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How would education suffer without aid from the USA?

10/03/2017 10:24

1Last week, White House officials said that President Trump would increase military spending by $54 billion, taking funds from domestic programs and foreign aid to pay the bill. What would a total cut of all USA aid for education mean?

In 2014, the USA was the fourth biggest donor to education, after the UK, France and Germany, allocating just over $1 billion to the sector. It allocated 88% of its total funds to basic education making it the biggest donor for basic education, followed by the UK in second place.

The United States tripled its aid to basic education between 2002/03 and 2013/14. It is among only a few donors that have continued to increase such aid after 2009/10, accounting for more than 20% of total aid to basic education.

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The United States has also been among the champions assigning increasing priority to low income countries. In 2012-2014, it accounted for 11% of total aid to education for low income countries but 8% of total aid to education for all countries.

If the USA pulls its funding completely, therefore, this scoreboard will dramatically change. It will change matters for many aid recipients too, who have been able to rely upon strong funding from the USA for years - and particularly for basic education as this graph shows.

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Comparisons can be made with the Netherlands' slashing of aid to education over the past several years, from $443 million in 2008 to just $170 million in 2014, although the USA would be a more drastic shift in landscape, given the relative size of their contributions.

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In response to the question asked at the top of this blog:  education - and by that we mean girls and boys going to school and learning - would be drastically hit by a change in tune over US funding to the sector. During the 2011-2015 period, for example, USAID's Education Strategy Progress Report from 2011-2015 shows that it has supported 151 basic education programs in 46 countries, directly benefiting more than 41.6 million children and youth. This aid, as we showed above, is being directed at some of the poorest countries, many of which our Report has shown continue to rely on external aid for 10% or more of their total public expenditure on education.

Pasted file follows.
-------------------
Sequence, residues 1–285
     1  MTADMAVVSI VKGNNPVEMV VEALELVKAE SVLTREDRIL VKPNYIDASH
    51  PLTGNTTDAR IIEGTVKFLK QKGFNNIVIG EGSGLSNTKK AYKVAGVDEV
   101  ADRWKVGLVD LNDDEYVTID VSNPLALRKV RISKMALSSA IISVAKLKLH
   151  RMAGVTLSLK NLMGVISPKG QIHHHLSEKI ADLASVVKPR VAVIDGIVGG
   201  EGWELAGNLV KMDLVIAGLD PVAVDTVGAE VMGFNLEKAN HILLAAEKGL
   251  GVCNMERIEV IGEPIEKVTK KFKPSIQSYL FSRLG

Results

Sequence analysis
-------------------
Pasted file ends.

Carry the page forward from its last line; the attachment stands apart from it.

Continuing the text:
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It also makes little sense to swap increased military might and education opportunity. Especially when, as even the military themselves recognise, "elevating and strengthening diplomacy and development alongside defense are critical". This is, no wonder, why one of the three prongs of USAID's strategy from 2011-2015 was to focus on education in conflict-affected regions.

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Peace, not just nationally, but also at a global level, will not be realized if we do not promote education and learning, as our latest publication shows. This is the key takeaway we must urgently convey to the US Congress, the White House and the State Department.  If education for education's sake is not enough to protect this aid, then maybe saving the USA from having to spend even more on its future  military budget could. For example, in sub-Saharan Africa, where the US military has expanded its presence, research has shown that sub-national regions with very low average education in 22 countries had a 50% probability of experiencing the onset of conflict within 21 years, while the corresponding interval for regions with very high average education was 346 years.

Last, but not least, we must hope that Senator Graham's comments about the lack of logic behind cutting aid to pay for defense budgets are heard.  It may be that the basic right to quality education is no longer a convincing basis to inform decision-makers; if so, we will have to rely upon financial arguments to win the day.

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